A year ago John Cryan, sitting on the podium in Davos, had to withstand a lecture on how major banks would be forced out of the market by technology companies in the next 10 years. This year, back at the annual global economic forum, the crisis-hardened head of Deutsche Bank, exuded a little more confidence on the subject.
Deutsche Bank is “fully capitalizing” on the new technologies being made available in the financial sector, the British banker, who has led Germany’s largest bank since July 2015, told the gathering. Going digital has allowed the bank to improve its controls, efficiency and customer service.
It hasn't not been an easy transition. Banks haven’t been very innovative until now, he conceded, but insisted this is changing.
That change of heart is largely because of new invaders from the financial-technology industry. These so-called “fintechs” are exerting enormous pressure on traditional banks, proving a threat to their way of life and dominating discussions at pretty much any banking forum in the developed world these days.
That was no different in Davos. The rapid growth of these startups is one of the major topics, along with the perennial issues of banking regulation and low interest rates.
Computers will replace about 50 percent of jobs in financial sector over the next 10 years, predicted Mario Greco, the chief executive of Zurich Insurance.
Fintechs play an increasingly important role in the financial sector, said David Rubenstein, founder of the Carlyle Group, a U.S. investment firm. He called it the fastest growing segment in the technology sector, predicting that global investments in fintechs would increase by 15 percent annually over the next 10 years.
That’s quite a statement in the age of digital startups like Google, Facebook and the arrival of self-driving cars. It shows the power that “fintechs” are expected to wield over the next decade.
The aggressive growth of fintechs is forcing banks further into the defensive. Mr. Cryan may have sounded more confident, but that doesn’t mean he has all the answers just yet. Asked whether digitalization is depriving traditional banks of profits, he conceded the point: "Yes, very often."
For Deutsche Bank, it adds to a whole list of challenges to its business model. It comes at a time when the bank is in the midst of a costly restructuring that involves cutting a tenth of its workforce. The bank is also still coping with a scandal-ridden past, settling some major legal cases in the United States but working to settle more investigations in other countries.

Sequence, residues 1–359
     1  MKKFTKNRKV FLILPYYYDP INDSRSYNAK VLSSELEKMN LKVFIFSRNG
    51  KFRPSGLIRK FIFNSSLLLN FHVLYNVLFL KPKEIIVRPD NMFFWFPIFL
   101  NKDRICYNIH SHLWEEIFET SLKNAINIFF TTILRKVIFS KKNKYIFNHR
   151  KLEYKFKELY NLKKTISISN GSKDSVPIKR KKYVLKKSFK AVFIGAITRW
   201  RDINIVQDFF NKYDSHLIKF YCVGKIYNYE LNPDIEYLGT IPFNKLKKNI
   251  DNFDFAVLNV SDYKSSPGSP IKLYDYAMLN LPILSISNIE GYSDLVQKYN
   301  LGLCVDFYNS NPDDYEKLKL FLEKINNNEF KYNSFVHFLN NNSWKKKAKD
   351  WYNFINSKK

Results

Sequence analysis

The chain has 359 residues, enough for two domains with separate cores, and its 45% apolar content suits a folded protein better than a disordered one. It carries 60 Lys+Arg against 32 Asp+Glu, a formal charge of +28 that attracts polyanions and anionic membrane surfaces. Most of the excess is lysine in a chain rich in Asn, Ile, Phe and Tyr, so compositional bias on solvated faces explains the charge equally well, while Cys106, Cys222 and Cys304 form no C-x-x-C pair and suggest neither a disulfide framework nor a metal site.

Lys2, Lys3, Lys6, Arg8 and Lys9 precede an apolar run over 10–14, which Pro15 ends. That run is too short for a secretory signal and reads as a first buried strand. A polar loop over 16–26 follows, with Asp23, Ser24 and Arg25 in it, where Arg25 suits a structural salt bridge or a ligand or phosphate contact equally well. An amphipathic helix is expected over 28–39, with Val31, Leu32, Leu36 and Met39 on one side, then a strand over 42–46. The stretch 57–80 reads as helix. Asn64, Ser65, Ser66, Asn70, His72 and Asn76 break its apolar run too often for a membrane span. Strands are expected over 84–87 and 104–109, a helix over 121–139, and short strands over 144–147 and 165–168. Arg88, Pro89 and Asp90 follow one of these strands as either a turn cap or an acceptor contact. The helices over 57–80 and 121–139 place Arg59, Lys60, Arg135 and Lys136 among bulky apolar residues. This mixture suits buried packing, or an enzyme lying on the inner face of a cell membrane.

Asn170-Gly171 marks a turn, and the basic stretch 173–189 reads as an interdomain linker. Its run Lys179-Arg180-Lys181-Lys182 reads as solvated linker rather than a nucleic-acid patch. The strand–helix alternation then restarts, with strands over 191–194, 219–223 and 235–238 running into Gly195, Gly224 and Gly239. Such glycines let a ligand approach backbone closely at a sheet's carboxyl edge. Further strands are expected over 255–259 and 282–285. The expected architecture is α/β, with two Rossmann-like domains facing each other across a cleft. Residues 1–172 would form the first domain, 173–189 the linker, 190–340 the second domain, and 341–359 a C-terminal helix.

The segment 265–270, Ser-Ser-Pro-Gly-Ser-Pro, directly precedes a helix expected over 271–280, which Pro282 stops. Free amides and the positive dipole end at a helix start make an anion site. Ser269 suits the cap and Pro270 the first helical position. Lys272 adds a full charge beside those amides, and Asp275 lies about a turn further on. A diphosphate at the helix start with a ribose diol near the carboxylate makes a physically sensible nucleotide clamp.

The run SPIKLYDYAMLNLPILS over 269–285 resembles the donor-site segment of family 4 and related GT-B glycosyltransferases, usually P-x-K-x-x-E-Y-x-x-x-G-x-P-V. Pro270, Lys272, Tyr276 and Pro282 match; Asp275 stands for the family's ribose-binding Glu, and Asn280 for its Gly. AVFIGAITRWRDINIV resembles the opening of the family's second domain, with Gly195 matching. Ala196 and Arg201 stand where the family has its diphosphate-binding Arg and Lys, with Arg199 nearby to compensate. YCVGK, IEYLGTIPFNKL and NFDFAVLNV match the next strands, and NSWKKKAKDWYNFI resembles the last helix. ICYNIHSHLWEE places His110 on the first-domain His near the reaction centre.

Digitalization is costing jobs across the financial sector, just like it is in manufacturing, a point on which everyone agreed at the Davos conference.
Computers will replace about 50 percent of jobs in financial sector over the next 10 years, predicted Mario Greco, the chief executive of Zurich Insurance. Mr. Cryan agreed – up to a point. People’s jobs, at a bank like in manufacturing, are moving from simpler work to more complex tasks.
"We absolutely do need people. We need that common sense that comes with people," Mr. Cryan said, but added: "We need to replace a lot of people who are actually performing the function of a computer. Our mantra is to stop people using their hands and eyes and start using their brains.”
European banks, caught between zero interest and digitalization, are not exactly in a position to embark on a full-fledged offensive.
The challenge posed by leaner, meaner fintechs is not the only reason cost pressures on traditional banks continue to increase. Bankers around the world, and especially in Europe, are also still struggling with how to profit off of historically-low interest rates.
While the U.S, central bank, the Federal Reserve, has taken the first steps to end its relaxed monetary policy, central bankers in Europe and Japan continue to adhere to a policy of cheap money.
Axel Weber, the former president of Germany’s Bundesbank and current chairman of Swiss bank UBS, in Davos said he doesn’t expect the European Central Bank nor the Japanese central bank to follow in the Fed's footsteps in the near future. Even the Fed will only raise rates slowly and “reluctantly,” meaning the cost of borrowing will remain low around the globe for a long time to come.
A long-time critic of the central banks’ easy monetary policies, Mr. Weber warned it has left the financial system more vulnerable to external shocks when the world inevitably tumbles into the next economic recession, because the amount of leeway for a new wave of unorthodox monetary policy has become smaller.
Not that central banks have a choice. Given the still fragile global situation, U.S. economist Kenneth Rogoff said it would be negligent for the ECB to suspend the tens of billions in monthly bond purchases that have characterized its monetary policy over the last two years. Ending the easy money would lead to the euro zone’s collapse, he warned.
No wonder the mood is rather glum on the Continent. European banks, caught between zero interest and digitalization, are not exactly in a position to embark on a full-fledged offensive.